Now his performance takes on more importance in a Cat midfield shorn of their 2007 pace and devoid of any Abletts. He and Jimmy Bartel are the key to the Geelong midfield, the jewels in their hooped crown. But there's a weakness becoming ever more apparent in his armour: Joel Selwood has the yips.
Not in a Josh Kennedy, Cam Mooney or even Rod "Tilt" Carter kind of way - Joel Selwood just can't seem to get the ball on target when shooting for goal. Remove the big white sticks and he's fine, posesssing the pinpoint delivery required for an elite player. But get him inside the forward fifty and his toughness suddenly doesn't cover scoring shots - he's booted 3.7 this year. And unfortunately for him, several of those behinds have been (relatively) easy misses. Never a goalscorer of note - at least, not since before his Bendigo Pioneer days - he has a total of 36 goals over the 101 games of his wonderful career.
This, in itself, isn't the worst thing in the world - there are very few perfect players, or even players without a weakness. Carey's flaws were his dicky shoulders and occasional dose of white-line fever, Ablett Sr was held back by his debatable off-field work ethic and a strange manner of thinking. Brendan Fevola's weakness is obviously the big squishy thing between his ears, Joel Selwood's fatal (only?) flaw is his scoring accuracy. Unlike running mate Bartel, Selwood has a 30-goal-a-season gap in his arsenal. (Ed: You don't know how much it hurts Matt to write this).
Why harp on such a star? Because with their newfound flair for the close result, Joel Selwood's inaccuracy could end up hurting the Cats. Several times throughout the season he's had the chance to convert on the run from 35-40 metres away and failed. Often those shots have been under only mild pressure.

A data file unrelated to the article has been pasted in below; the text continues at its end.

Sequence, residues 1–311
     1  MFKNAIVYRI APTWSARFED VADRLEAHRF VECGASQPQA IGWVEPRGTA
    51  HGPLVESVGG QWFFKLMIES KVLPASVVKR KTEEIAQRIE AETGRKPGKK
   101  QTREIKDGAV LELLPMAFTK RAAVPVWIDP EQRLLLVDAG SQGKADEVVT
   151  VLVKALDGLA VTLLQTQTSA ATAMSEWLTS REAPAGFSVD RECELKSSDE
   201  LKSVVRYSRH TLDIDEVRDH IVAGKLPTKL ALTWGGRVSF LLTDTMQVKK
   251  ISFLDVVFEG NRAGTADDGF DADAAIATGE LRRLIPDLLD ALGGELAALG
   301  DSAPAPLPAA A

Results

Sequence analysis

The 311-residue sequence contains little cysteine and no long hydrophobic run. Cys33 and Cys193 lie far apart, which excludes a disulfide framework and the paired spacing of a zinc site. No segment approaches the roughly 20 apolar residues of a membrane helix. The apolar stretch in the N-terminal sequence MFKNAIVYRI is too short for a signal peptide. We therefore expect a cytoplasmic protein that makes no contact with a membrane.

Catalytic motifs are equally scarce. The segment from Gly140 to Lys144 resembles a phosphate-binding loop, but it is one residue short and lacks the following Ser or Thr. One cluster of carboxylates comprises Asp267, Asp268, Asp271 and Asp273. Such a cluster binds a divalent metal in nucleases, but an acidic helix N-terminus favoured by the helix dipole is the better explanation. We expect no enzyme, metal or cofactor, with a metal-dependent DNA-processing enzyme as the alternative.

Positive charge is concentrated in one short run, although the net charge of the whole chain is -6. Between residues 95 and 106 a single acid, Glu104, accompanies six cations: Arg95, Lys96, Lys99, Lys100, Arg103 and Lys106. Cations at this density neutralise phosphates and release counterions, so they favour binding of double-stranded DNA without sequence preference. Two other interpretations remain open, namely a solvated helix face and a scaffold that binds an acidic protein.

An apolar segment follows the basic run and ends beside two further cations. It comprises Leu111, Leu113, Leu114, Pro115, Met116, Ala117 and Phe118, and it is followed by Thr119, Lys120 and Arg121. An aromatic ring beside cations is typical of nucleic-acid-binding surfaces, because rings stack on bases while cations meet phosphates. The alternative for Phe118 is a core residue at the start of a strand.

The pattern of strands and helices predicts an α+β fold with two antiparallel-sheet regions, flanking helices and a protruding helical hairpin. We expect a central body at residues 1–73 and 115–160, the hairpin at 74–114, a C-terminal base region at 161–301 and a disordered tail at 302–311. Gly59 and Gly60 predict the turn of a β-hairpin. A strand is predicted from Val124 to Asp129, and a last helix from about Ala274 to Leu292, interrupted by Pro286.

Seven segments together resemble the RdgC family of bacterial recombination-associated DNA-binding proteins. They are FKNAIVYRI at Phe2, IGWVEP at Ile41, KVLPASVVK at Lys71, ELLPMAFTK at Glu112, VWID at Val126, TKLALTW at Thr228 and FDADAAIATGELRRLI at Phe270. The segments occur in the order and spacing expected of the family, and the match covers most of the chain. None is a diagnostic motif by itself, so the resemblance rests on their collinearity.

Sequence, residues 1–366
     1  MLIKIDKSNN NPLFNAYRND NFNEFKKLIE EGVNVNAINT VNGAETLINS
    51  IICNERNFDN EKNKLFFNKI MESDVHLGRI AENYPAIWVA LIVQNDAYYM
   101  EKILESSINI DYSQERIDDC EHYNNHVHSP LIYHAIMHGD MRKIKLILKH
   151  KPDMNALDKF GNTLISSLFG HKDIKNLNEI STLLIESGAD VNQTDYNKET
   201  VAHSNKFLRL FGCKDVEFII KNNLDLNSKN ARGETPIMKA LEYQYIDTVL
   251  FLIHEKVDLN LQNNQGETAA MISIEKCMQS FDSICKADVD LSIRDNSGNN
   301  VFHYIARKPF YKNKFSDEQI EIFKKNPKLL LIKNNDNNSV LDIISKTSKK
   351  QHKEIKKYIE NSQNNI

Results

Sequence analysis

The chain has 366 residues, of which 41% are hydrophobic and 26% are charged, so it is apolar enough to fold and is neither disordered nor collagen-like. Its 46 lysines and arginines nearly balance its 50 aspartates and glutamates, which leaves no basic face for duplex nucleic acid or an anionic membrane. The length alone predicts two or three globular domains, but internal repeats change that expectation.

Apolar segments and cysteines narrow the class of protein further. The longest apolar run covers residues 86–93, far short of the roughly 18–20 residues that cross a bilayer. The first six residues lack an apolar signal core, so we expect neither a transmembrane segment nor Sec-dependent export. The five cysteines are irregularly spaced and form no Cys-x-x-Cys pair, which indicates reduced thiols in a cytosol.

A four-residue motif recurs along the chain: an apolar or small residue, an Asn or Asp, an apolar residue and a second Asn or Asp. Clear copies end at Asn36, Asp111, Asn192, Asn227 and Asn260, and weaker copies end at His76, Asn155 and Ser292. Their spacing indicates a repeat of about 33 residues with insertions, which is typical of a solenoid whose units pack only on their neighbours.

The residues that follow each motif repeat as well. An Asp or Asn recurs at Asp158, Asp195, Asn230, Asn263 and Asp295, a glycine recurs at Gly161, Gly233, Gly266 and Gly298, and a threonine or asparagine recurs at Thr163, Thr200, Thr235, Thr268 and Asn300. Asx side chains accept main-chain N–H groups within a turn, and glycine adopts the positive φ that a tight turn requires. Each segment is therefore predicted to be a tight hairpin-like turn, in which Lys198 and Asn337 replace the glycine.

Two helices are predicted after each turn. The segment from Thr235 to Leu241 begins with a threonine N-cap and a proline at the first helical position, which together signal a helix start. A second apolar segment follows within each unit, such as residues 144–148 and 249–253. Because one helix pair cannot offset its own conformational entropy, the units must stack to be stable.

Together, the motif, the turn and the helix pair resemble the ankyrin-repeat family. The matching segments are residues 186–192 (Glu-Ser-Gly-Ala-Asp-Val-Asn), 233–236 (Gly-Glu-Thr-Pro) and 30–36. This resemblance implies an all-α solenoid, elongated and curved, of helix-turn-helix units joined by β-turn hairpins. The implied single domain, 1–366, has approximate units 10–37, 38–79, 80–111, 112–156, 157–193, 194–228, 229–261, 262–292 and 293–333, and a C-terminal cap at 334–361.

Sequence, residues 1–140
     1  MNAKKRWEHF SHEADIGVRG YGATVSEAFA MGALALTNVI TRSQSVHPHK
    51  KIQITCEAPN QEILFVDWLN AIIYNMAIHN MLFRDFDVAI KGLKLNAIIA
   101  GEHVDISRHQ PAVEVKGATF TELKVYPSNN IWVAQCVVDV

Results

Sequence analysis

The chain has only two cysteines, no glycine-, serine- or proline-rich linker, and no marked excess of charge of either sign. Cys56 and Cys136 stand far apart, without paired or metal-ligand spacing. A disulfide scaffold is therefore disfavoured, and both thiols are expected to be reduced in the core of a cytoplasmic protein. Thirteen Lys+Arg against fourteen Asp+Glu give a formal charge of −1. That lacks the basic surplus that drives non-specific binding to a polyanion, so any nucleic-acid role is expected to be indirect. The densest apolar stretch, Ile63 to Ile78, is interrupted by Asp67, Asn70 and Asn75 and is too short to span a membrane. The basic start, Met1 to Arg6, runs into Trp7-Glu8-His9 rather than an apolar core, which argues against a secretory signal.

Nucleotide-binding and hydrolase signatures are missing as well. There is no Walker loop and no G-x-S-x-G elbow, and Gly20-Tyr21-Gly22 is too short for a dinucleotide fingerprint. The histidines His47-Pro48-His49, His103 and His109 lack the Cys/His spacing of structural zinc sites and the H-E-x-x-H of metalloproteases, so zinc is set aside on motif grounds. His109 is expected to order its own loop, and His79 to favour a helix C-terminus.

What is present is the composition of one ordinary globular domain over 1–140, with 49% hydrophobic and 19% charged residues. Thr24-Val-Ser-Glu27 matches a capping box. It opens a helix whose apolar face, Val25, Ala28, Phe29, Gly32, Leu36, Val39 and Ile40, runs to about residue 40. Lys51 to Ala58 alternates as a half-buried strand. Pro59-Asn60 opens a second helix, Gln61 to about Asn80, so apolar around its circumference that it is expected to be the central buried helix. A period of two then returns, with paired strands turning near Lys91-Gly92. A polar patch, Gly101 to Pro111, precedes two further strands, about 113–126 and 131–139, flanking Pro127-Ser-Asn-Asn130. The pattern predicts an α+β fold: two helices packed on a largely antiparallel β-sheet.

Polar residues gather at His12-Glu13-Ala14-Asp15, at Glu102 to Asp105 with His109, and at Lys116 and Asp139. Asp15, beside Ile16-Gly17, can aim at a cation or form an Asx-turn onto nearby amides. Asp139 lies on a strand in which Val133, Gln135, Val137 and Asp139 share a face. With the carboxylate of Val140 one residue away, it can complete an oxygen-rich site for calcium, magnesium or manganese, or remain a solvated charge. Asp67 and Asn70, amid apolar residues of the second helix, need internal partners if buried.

It could be he doesn't slow his momentum enough before setting himself for the kick or even just that he freezes. I'm sure there are myriad other reasons he could be inaccurate that someone more technically-minded could answer, but the Cats' young leader needs to get this right or else his leadership in inaccuracy could cost Geelong a win or two at crucial times.
Teams look to their leaders for guidance. While no-one ever misses a goal on purpose, a good leader has the ability to inspire their teammates through their play, tacitly demanding accountability. While Selwood's play all over the park does this, his shooting for goal does not. The Cats have played six of their eight matches against teams currently in the eight and won by one, two, three, eleven, nineteen and twenty-one points. Each match swung in the balance for some time. One day, probably soon, Joel Selwood - possibly the third or fourth-best midfielder in the league - will step up to shoot for goal with the Cats needing him to score.
When that day comes, Chris Scott hopes he's over his yips.
Image courtesy: en.wikipedia.org